In December 2014 HM Revenue and Customs (HMRC) announced a focused tax campaign aimed at solicitors who have not previously declared all of their income and gains to the tax authorities.
Following on from other successful campaigns targeting medical professionals, dentists and tutors (amongst numerous others), which HMRC claim have generated almost £1bn in Revenue since 2011, the Solicitors' Tax Campaign is the latest voluntary, intelligence-led disclosure opportunity giving those who work in the legal profession the chance to put their tax affairs in order, on the best possible terms.
It is understood that HMRC will use information it has access to (eg legal aid data etc), as well as other information from third parties, to identify taxpayers who have potentially failed to pay the correct amount of tax.
The Campaign is available for solicitors either working for themselves, in a partnership, as a member of a limited liability partnership or as director or employee of a company. Please do feel free to share this tax update email and the details outlined below with the solicitors within your firm.
Deadlines (2 stages)
For those solicitors who may wish to make a disclosure it is important to note the relevant deadlines for each stage of the Solicitors’ Tax Campaign:
Taxpayers have until 9 March 2015 to declare their intention to disclose their income, gains and/or duties to HMRC; and they must then make their disclosure and pay their tax liability (plus any interest and penalties), by 9 June 2015.
Should either deadline be missed, the improved settlement terms of the campaign will not be available to you, and the possibility of reducing any penalties applied will be lost.
If the individual is not already under enquiry from HMRC and has no connection with fraudulent activity, then as long as a full disclosure is provided to HMRC, the beneficial terms of the Solicitors' Tax Campaign will apply.
The main benefits of making a full disclosure in respect of any undeclared income, gains and/or duties include this being an opportunity for solicitors to have certainty about their tax positions; as well as any potential penalties being restricted to a maximum of 20% of the tax liability. The penalties may also be mitigated to zero, for a taxpayer who offers a full unprompted disclosure. This is significantly less than the 100% penalty that may be charged to individuals who make a deliberate decision not to pay the taxes due. Such individuals could then face prosecution.
There may also be a restricted time period subject to review. For example, if the taxpayer has simply made a careless mistake, HMRC will only look to assess the last six years. In cases of deliberate activity, the period of assessment could be up to 20 years.
Paying any tax liability arising
With financial conditions affecting a number of businesses in the legal services sector, any tax liability now arising and payable by 9 June 2015 may create additional difficulties for those solicitors experiencing cash flow pressures.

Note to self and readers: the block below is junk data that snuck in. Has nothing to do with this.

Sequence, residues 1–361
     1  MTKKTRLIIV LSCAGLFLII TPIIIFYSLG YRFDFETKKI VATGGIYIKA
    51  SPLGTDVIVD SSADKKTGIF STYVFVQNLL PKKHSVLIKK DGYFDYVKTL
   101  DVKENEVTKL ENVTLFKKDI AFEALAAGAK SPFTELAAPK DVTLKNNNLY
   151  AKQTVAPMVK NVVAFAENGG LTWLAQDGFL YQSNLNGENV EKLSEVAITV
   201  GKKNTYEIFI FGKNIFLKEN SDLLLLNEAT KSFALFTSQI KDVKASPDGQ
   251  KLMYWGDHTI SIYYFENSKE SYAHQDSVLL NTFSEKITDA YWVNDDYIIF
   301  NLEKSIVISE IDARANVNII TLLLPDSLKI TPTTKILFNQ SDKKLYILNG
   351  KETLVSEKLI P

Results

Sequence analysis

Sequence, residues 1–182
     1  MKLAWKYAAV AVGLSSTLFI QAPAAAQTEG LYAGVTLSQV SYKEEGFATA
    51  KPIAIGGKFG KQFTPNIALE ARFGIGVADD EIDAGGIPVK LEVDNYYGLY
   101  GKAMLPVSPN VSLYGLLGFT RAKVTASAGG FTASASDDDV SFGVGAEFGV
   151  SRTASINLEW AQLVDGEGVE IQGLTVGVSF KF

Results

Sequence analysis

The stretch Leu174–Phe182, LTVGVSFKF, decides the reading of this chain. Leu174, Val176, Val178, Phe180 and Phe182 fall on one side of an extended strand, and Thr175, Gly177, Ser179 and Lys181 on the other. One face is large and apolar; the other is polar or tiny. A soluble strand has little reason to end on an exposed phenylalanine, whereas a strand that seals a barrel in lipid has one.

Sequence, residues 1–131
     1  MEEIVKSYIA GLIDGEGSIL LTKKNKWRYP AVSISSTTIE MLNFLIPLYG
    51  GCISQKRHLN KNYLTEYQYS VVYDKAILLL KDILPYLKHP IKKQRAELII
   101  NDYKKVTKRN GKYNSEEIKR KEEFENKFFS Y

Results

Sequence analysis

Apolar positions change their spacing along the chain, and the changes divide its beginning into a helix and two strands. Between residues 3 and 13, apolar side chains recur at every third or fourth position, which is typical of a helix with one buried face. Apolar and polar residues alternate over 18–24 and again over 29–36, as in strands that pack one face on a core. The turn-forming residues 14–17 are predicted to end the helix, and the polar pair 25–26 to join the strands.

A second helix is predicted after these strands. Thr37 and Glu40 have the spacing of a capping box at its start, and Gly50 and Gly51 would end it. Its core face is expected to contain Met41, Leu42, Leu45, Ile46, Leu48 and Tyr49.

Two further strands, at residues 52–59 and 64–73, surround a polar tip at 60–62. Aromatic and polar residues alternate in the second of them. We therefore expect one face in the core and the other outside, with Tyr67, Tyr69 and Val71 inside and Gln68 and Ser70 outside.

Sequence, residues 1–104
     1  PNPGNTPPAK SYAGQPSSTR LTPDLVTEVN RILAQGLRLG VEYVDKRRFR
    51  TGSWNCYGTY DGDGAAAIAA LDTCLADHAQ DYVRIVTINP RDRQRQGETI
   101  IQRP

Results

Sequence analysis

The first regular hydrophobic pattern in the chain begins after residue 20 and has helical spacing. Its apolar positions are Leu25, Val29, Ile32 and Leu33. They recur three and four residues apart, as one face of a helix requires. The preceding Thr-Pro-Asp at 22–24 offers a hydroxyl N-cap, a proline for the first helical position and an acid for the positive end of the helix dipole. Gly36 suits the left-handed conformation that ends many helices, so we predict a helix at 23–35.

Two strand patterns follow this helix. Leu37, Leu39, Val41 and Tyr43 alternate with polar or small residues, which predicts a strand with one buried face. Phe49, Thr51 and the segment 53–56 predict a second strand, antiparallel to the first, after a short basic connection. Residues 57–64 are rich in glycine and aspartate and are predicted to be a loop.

Where, upon making a disclosure, a solicitor cannot afford to pay the settlement in one sum, HMRC will, depending on the circumstances, offer instalment arrangements. If you expect to be in this position it is important that you should discuss the disclosure with your tax adviser and contact HMRC as soon as possible, and before making any disclosure.
Unfiled returns for previous years?
HMRC also requested that those solicitors with outstanding self-assessment returns for any of the years 2010-11, 2011-12 and 2012-13, should submit their returns by 31 December 2014, either online or on paper.
HMRC have indicated they will vigorously chase up any unfiled tax returns after 31 December 2014, and any non-respondents will be considered for a tax determination and collection of any unpaid debt and penalties.
Now is the ideal time for solicitors who have previously undeclared income or gains to come forward. You will only need to take action if you owe unpaid taxes to HMRC on previously undeclared income. In such circumstances, we strongly recommend that individuals act as soon as possible, as the registration window is only open until 9 March 2015.
Previous HMRC campaigns include the Tax Health Plan, which targeted medical professionals (e.g. doctors, dentists etc). Since that disclosure opportunity ended, HMRC have instituted criminal prosecutions against a number of professionals who did not come forward, with a number reported to have been successfully prosecuted. In those cases, the impact to their professional reputations has been significant and the ability to practice has been compromised.
Solicitors will be only too aware that given the nature of their work any potential criminal prosecution, for non-disclosure of undeclared income, against a member of the legal profession could be expected to have severe consequences on their ability to practice as a registered solicitor.
Where it is necessary to make a disclosure specialist advice should be sought. At Grant Thornton we have the tax investigations expertise and a wealth of specialist experience across the legal services sector, to be able to guide those impacted upon through the Solicitors’ Tax Campaign disclosure process.